Technology Reveals Chinese Terracotta Warriors Were Likely Replicas of Real Soldiers
When Chinese farmers uncovered an ancient site while digging a well in 1974, they had no idea they were to encounter a giant army of warriors. The Terracotta Army of Emperor Qin Shi Huang had lain in wait for 2,000 years, guarding the emperor’s tomb – the largest in Chinese history - at the base of Lishan Mountain in Shaanxi Province. Now research suggests the ears of these famous clay warriors provide a clue into how the army was made.
Archaeologists and historians have marveled over the find since its rediscovery, wondering how ancient artisans in 246 BC created the ranks of life-sized clay soldiers, each seemingly unique in detail. Using advanced imaging technology, researchers from the University College London (UCL) and Emperor Qin Shi Huang's Mausoleum Site Museum in China have now surmised that each warrior was made to represent a real man of the time. Although some researchers had long suspected this to be the case, there was no real evidence to prove it.
Could the ears of the terracotta warriors hold a clue to their creation? Credit: Richard Fisher / flickr
Until now, the conventional view was that in order to create the army of terracotta figures, approximately 7,000 strong, as well as the 130 chariots and nearly 700 horse sculptures buried with them, the whole process had been done ‘assembly-line’ fashion, with workers tasked with creating just mouths, or just noses, and the pieces would then be added to the whole. However, the new study may reveal a different technique.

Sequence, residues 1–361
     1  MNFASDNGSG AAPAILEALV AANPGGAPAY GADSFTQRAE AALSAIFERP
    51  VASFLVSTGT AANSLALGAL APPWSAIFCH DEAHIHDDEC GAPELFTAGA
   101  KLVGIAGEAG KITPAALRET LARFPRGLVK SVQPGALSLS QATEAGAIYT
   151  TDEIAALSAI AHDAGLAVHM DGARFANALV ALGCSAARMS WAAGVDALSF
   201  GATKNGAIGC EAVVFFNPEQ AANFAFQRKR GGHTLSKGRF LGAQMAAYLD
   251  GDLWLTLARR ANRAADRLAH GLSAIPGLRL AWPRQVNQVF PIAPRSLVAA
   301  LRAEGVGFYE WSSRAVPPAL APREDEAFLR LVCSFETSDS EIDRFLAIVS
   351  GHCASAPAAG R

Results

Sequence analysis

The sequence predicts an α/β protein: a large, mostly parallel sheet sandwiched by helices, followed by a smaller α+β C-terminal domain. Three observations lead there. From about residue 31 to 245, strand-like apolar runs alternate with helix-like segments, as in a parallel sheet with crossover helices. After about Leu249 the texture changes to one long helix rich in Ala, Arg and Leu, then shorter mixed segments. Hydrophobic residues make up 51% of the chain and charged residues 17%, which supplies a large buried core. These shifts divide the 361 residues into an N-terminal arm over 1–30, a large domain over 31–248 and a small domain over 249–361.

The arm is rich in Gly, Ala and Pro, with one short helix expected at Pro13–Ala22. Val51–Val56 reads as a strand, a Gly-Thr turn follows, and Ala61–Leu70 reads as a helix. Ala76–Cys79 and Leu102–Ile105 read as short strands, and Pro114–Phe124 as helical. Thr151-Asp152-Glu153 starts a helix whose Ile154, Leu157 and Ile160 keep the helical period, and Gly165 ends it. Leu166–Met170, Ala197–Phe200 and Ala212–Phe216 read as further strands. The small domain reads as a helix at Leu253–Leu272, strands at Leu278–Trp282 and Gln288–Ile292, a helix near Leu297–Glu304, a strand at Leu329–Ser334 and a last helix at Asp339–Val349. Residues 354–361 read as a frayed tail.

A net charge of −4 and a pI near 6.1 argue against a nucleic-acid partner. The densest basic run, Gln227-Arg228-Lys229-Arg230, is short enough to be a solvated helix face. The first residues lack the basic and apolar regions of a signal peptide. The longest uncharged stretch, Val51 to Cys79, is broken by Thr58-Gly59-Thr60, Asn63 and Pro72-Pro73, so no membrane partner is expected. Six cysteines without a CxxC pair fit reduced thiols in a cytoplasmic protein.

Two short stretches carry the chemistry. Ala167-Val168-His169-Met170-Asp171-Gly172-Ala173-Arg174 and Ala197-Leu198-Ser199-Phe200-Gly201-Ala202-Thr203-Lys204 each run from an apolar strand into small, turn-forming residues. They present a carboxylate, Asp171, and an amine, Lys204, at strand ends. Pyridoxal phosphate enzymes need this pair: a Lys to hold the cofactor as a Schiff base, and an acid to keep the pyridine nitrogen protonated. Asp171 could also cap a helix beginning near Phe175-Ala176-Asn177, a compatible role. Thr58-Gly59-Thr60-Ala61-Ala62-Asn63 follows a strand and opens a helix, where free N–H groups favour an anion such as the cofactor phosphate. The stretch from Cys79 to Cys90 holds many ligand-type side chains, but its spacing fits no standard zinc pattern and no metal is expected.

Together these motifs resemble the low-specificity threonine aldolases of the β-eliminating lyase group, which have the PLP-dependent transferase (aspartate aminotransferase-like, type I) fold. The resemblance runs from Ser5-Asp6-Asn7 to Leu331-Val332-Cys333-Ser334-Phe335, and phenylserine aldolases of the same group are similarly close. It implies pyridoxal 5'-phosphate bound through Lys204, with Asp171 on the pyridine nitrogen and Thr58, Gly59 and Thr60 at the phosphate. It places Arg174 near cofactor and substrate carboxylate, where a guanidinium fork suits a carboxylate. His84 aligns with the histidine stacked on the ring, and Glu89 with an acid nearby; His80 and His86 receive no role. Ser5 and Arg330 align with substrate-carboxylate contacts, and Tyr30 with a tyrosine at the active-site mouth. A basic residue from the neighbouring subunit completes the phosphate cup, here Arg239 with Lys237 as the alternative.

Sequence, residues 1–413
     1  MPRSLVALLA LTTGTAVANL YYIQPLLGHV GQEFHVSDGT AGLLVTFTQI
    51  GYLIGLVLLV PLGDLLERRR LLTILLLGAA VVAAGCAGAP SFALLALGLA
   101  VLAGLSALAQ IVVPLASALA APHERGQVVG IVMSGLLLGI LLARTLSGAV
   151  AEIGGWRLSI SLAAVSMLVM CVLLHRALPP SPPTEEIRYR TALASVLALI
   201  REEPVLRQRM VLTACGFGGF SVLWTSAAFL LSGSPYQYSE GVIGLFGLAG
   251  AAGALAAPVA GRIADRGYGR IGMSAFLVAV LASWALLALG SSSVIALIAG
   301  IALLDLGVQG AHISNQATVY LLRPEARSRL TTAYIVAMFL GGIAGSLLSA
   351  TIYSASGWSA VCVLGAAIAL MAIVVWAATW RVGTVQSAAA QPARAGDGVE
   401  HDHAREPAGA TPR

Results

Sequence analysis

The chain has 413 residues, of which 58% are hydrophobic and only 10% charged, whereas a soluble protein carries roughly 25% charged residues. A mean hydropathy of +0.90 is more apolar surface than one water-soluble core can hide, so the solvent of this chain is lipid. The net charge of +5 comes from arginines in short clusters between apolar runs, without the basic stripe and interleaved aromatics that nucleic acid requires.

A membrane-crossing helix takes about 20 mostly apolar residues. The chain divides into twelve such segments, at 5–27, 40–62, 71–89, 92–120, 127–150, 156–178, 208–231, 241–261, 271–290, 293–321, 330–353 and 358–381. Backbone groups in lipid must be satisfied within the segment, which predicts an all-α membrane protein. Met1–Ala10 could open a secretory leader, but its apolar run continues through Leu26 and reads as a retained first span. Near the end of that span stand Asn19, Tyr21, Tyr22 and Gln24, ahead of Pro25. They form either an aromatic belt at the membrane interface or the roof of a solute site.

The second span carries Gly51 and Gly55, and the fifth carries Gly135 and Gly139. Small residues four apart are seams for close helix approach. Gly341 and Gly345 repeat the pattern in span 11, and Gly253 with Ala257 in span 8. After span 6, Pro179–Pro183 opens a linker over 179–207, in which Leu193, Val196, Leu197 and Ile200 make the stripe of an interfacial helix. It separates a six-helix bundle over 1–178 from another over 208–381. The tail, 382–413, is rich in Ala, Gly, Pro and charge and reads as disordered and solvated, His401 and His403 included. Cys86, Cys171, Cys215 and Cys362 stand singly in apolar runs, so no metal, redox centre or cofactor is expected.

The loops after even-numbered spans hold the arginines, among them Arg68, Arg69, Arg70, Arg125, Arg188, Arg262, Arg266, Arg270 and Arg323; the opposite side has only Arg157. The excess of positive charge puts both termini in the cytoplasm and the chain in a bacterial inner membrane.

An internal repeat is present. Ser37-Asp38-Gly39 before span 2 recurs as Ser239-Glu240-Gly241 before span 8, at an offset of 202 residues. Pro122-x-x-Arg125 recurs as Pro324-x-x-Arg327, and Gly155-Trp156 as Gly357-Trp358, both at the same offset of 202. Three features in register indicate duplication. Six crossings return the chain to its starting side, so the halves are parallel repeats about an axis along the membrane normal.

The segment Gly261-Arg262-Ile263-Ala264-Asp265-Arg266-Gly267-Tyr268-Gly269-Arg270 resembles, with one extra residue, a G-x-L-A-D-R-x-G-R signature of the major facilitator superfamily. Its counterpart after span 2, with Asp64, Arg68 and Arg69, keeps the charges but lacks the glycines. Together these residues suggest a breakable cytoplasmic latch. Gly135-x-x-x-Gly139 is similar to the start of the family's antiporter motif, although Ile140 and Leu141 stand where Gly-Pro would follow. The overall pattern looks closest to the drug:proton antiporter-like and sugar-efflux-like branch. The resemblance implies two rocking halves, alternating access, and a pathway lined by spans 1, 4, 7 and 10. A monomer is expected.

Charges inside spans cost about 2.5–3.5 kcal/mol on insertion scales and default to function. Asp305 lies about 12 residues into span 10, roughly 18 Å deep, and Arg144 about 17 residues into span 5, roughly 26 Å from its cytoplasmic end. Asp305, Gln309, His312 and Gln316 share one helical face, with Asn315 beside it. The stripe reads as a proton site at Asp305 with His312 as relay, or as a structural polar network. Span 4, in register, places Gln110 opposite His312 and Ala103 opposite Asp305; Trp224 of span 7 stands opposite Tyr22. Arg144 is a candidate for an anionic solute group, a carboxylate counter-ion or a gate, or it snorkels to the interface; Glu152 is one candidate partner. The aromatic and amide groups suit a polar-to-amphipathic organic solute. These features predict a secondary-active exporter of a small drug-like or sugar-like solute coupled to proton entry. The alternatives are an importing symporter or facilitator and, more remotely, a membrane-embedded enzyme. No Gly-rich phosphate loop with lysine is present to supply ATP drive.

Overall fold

The team took detailed scans of the facial features of the warriors, in particular the ears, which forensic research shows can be used to identify individuals as effectively as a fingerprint, UCL archaeologist Andrew Bevan told National Geographic. The scans revealed that no two ears of the sculptures were identical. This variance in shape mimics real human populations, and gives support to the theory that realism was the intent.
Individual clay ear shapes and styles represented (Creative Commons, Journal of Archaeological Science)
Marcos Martinón-Torres of UCL said, “Based on this initial sample, the terracotta army looks like a series of portraits of real warriors.” Reportedly this study echoes conclusions from a 2003 paper published in the journal Antiquity that studied the heights of the clay warriors, suggesting they matched probable statures of Chinese infantry at the time.
Detail of facial features and clothing of clay warrior. Credit: Ana Paula Hirama / flickr
Further research into the weapons and armor of the warriors revealed distinct pieces sporting makers’ marks. This would have made each artisan personally responsible for his work. According to National Geographic, “Qin Shi Huang's armorers worked in a ‘cellular production’ system similar in some respects to that pioneered by Toyota to produce cars. Instead of monotonously making the same part for an assembly line, the imperial weapon makers were probably versatile artisans who worked in small, dispersed workshops making weapons from start to finish.”
Much of the site remains to be excavated, and thousands of statues still need to be unearthed. As they are painstakingly returned to their original splendor, a clearer portrait of the emperor’s army and ancient Chinese history will be revealed.
Featured Image: An ancient terracotta warrior. Source: BigStockPhoto
By Liz Leafloor